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PowerApps Cascading Dropdown

Updated: May 21, 2021

PowerApps cascading dropdown menus will allow you to make great apps for your users.

These can be difficult to set up for the first time, but using this feature makes dynamic filtering of menus through selection more accessible to users. By taking the time to create these menus, your titles will always correspond to one another.

We will make a simple application by pulling data out of an excel workbook to demonstrate the mechanics of cascading dropdowns. After working through these steps, you can apply them to your own data sets.

Want to follow along with our video? Watch as Shane guides us through Cascading Dropdowns in PowerApps:

Create a New Empty Application

Begin by signing into PowerApps. After the application loads, click on the ‘Apps’ button in the left pane. Click on ‘Create an App’ in the upper right. For now, just select a blank app with the phone layout.

Give your new application a few seconds to load. You can skip the tutorial this time.

Create Your Labels and Buttons

You should now have an empty application with the selected layout.

To create interactive labels with dropdown options:

  • Create a Label: Choose ‘Label’ from the top ribbon. Type in a name for your application. For this tutorial, we will use “Cascading Dropdowns.” You can format the text, change its size or color, and bold, italicize, or underline.

  • Create a Dropdown: Go ahead and add another label beneath the first one. Name it “Department.” Click ‘Controls’ in the top ribbon and select ‘Dropdown.’ Move your new dropdown beneath the label you just created. Rename the dropdown ‘DropDown_Dept.’

  • Create a Second Dropdown: Now, make another label and name it “Job Titles.” Create another dropdown and insert it beneath that label.

Your application will display the newly created labels. You should be able to interact with them, but they will be empty.

Add a New Data Source

With these two pieces in place, we now need to create a data connection to populate the menus.

Load up your data sheet and check it over. If you make the first values blank, no options will be selected by default. This will look better for the user because it displays empty text instead of the first items in the list.

Populate Your Label With Data

Click ‘View’ in the top ribbon followed by ‘Data sources.’ Now, click on ‘Add data source’ in the window that pops up. This will show a list of connections to import your data source from. Services including OneDrive, SharePoint, and Office 365 are available. Simply click the ‘New connection’ button to add a service provider to import your source from.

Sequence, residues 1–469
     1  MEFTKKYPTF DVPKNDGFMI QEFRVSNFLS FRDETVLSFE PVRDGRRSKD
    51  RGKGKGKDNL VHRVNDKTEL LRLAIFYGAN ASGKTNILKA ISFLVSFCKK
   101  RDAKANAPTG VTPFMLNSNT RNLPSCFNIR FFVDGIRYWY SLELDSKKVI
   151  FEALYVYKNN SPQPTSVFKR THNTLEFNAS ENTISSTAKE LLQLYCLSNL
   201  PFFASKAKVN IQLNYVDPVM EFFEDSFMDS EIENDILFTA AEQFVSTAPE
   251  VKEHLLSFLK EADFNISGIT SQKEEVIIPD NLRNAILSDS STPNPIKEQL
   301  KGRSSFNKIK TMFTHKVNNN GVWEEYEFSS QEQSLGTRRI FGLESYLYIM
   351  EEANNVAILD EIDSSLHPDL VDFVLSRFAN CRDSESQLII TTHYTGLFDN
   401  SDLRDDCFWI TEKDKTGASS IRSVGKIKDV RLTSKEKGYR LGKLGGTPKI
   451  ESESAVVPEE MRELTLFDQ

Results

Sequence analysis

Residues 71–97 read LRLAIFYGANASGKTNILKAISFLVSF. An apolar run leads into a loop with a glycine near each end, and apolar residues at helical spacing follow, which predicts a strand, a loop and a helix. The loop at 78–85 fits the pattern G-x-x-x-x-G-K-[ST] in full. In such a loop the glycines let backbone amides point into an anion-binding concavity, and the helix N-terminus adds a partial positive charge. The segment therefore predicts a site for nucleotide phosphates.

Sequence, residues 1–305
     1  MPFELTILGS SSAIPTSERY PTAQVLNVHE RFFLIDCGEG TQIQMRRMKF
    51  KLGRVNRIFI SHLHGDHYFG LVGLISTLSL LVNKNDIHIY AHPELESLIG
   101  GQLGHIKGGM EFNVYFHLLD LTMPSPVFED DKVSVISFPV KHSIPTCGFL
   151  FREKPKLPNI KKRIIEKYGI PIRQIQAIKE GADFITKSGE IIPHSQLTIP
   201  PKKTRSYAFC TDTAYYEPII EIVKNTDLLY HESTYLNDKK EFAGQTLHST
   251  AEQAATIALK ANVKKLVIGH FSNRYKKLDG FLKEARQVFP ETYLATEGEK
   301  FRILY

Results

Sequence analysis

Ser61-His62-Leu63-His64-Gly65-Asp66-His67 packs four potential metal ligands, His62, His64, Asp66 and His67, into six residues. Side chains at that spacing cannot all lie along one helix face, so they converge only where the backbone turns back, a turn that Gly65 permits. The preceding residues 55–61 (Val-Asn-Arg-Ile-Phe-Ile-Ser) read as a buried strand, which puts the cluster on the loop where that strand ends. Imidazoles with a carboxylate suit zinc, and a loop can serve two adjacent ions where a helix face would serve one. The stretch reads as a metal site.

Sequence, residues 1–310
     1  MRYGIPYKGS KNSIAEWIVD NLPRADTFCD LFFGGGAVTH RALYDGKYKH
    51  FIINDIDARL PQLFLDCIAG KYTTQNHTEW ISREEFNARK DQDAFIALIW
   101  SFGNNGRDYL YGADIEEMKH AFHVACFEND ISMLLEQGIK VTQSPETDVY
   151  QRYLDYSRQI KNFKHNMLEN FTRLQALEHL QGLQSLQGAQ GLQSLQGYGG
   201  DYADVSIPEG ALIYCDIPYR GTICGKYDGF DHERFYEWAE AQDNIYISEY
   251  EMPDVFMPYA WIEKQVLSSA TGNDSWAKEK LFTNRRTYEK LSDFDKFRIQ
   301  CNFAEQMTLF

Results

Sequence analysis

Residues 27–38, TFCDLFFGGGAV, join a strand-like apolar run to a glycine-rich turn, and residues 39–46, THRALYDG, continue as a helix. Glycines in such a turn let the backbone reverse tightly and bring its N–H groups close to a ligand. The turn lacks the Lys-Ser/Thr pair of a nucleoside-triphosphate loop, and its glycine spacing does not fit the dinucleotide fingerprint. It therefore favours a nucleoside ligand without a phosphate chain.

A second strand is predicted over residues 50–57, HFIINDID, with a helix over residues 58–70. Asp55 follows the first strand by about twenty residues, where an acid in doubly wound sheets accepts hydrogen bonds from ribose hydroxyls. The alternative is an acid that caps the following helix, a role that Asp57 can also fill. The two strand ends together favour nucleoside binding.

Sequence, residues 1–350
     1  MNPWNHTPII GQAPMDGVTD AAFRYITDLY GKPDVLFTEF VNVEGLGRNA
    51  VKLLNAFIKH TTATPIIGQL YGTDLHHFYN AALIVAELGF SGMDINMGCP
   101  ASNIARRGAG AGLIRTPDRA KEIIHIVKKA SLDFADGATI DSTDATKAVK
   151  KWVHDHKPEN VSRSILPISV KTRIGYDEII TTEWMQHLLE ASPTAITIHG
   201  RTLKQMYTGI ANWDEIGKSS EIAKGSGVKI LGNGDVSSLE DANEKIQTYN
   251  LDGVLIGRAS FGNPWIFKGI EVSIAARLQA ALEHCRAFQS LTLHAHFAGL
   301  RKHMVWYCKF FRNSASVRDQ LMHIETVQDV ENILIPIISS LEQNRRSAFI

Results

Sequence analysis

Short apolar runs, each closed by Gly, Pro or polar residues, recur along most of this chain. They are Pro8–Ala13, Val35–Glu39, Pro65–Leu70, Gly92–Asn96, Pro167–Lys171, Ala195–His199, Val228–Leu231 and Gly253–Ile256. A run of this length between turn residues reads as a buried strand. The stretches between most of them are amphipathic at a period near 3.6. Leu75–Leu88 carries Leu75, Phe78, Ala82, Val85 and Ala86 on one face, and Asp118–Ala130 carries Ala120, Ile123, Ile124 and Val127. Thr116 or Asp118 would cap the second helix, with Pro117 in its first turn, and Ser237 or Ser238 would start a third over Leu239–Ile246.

After making your selection, you will be able to import the data and select the table that you would like to use. It is important to note that you have to have a table already created within your data source for this process to work correctly.

Select the dropdown beneath the Department label that you previously created. Type ‘Distinct(JobTitles,Department)’ into the text box. Now, if you click on the preview you should see the department data populating the department box. However, you’ll notice that the information isn’t in alphabetical order.

Change the text to ‘Sort(Distinct(JobTitles,Department),Result)’ and press the preview once again. Now, the departments should be alphabetized.

Display the Job Titles

Next, we want the application to display the job titles for the chosen department. Select the dropdown beneath the “Job Titles” label then type ‘Filter(JobTitles,Department=DropDown_Dept.Selected.Value)’ into the function box at the top.

If you press the preview now, you will see that the job titles are populated based on which department is selected. However, the system only displays the department so far, not the positions themselves.

Change the code to ‘Distinct(Filter(JobTitles,Department=DropDown_Dept.Selected.Value),JobTitle)’ and run the preview again. PowerApps should now show the individual job titles when the department is selected.

Create Reset and Refresh Buttons

We will now create a couple buttons to make it easier to import new data:

  • Create a Reset Button: Select ‘Insert’ from the top ribbon. Then, choose the button from the available options. This will add a button to your project. Place it wherever you want it. Rename the button ‘Reset’ and type ‘Reset(DropDown_Dept);Reset(Dropdown2)’ into the top text bar.

  • Create a Refresh Button: Click ‘Insert’ and select the ‘Icons’ option. Choose an icon to add next to the reset button. Now, type ‘Refresh(JobTitles)’ into the text at the top.

These buttons are great for helping you work through any issues you might come across when importing and working with your data. They will allow you to reset the dropdown menus to their default settings any time. This is good for troubleshooting, but it can also be useful for end users.

Edit the Dropdown Display Mode

You might notice that you can click on the job titles before selecting a department. This presents no options, so it’s not a big deal, but to make the interface look cleaner we should add one last piece of code.

Click the arrow next to the box that says ‘Items’ and scroll down to select ‘Display Mode’ from the available options. Type ‘If(DropDown_Dept.Selected.Value = “”,DisplayMode.Disabled, DisplayMode.Edit)’ into the box.

Now, ‘Job Titles’ cannot be selected until you have chosen an option from the list of departments.

Easily Access Your Data with Cascading Dropdowns

You should now have your data dynamically loading in the cascading drop down menus. This feature allows you and your users to easily access the information.


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